I Am That Girl Now

Thursday, March 24, 2005

Life's not fair. Well, maybe.

A friend who's just a few months into the weight-loss journey reports that her husband has lost exactly as much weight as she has, just by eating the same things (and twice as much of them) that she's been cooking and eating. She finds this insanely frustrating, and I'm right with her on that one. Men get off easy on losing weight-- it's easier for them because of the blessings of genetics, the vagarities of societal expectations, and hormones geared more toward burning calories than toward packing 'em away to fuel baby-making. The fact that men can lose weight without even thinking about it while women have to knock themselves silly is a fact that, if you happen to be a woman and have a male on hand to compare the process with, will drive you mad.

I'm not comfortable with the fact that life is unfair. I occasionally fall prey to fits of class rage, in which the fact that 90% of my friends make twice as much money as I do starts to pull my brain into little pieces. Likewise, it used to make me go mental when I would bust my ass for a good grade and someone who finished his paper five minutes before class would get the same mark-- or a better one. There's a lot of my personality, I think, that's based on the concept that you only truly deserve something when you earn it with hard work, and so when the same results happen regardless of who worked and who didn't-- particularly when I'm on the "did" part of that equation-- it's more than a question of parity, it's an assult on a precious belief of mine.

My husband eats what I eat, about two-thirds of the time-- he just tends to eat more of it. The rest of the time, particuarly when it comes to breakfast and restaurants, he eats whatever he wants-- the greasier, the better. He does not exercise, whereas I do every day. For my efforts, I manage to stay around the same weight-- and if I have several bad days in one week, I gain. For his complete lack of effort, he gets... the same result. This can occasionally get extremely frustrating-- I start to wonder what sort of cruel fate forces me to work like mad just to stay in one place.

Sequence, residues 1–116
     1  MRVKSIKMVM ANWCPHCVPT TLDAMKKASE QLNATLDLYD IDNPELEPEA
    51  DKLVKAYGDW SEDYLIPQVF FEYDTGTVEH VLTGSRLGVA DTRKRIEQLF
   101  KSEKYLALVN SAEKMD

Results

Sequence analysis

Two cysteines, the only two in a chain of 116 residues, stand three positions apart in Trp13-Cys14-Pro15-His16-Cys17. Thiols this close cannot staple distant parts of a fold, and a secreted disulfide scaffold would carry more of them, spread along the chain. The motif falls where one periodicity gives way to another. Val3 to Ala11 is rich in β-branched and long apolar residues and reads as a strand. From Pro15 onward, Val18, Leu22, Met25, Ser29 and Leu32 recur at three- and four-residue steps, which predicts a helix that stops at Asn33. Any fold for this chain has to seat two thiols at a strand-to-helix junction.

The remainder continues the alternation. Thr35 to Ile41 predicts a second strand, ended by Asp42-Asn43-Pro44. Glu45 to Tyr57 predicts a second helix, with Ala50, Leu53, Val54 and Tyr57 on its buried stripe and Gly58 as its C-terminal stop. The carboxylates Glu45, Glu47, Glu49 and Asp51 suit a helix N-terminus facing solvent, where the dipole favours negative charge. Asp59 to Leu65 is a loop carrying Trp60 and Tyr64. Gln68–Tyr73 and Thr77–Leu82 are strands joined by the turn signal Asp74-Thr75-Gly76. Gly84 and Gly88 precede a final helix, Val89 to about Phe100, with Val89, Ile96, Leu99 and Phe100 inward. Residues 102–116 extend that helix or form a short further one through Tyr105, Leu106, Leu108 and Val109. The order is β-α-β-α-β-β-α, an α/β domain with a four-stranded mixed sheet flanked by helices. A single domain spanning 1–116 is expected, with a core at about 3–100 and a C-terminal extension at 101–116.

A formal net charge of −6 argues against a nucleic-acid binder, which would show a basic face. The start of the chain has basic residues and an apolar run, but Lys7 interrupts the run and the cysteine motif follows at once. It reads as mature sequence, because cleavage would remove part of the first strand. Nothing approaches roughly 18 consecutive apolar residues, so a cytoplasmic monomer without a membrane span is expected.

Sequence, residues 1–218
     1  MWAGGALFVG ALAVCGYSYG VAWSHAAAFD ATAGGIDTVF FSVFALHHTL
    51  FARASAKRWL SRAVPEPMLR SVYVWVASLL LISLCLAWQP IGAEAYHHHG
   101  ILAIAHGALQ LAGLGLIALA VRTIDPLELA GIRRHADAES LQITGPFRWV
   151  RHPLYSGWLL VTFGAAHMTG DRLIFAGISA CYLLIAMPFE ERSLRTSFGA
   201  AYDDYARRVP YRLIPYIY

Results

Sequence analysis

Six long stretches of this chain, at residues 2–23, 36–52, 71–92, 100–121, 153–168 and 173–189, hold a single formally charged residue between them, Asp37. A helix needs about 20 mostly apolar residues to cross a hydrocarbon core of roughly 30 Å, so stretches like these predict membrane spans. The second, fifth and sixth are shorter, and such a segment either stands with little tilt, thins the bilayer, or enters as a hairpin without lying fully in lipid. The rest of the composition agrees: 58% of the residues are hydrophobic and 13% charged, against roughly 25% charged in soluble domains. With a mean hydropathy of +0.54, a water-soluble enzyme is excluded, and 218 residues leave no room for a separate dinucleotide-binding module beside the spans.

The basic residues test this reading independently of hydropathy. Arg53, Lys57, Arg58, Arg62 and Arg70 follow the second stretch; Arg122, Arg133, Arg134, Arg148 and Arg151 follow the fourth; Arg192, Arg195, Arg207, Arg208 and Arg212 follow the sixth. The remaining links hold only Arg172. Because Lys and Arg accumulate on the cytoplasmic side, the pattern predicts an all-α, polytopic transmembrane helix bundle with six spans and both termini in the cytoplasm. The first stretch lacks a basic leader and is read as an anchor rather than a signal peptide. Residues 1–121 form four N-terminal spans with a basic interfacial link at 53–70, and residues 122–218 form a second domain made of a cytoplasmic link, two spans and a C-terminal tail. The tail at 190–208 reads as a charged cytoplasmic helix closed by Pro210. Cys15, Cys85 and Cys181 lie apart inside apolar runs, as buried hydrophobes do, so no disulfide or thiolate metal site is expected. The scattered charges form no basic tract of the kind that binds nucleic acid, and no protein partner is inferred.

It finally occurred to me, in the middle of fuming about this today, that we're not actually getting the same results. I'm healthier than he is, now, I'm more flexible, I have better stamina, my heart's stronger, my digestion is better, I get sick less often, and my cholesterol and blood pressure levels are way down. I'm more in tune with my body. I'm more active and that activity is turning into experiences that I never thought I'd have, that I love. The techniques I developed to put together this healthy lifestyle are techniques that I'm also using to take charge of other areas of my life. I'm getting some quality results out of this, and they're all excellent reasons to keep it up. Being thin is just the part on the outside, the part that's easier to quantitate and keep an eye on; the real benefits are less obvious.

That doesn't particularly make it easier to deal with when he gets a giant chocolate ice cream cone while I have my little cup of frozen yogurt. But it's a reason to keep going, at least, which is something I dearly need at those times.


  • Don't let it get you down, It took me two years just to lose the forty pounds I gained from being pregnant with my second daughter, and before that a year to lose the 97 lbs I gained with my first girl. Even our own prior weight loss successes can make us angry with current, small increment successes. Keep working hard and the fruits of your labor will follow. :)

    By Blogger Epiphany, at 10:20 PM  

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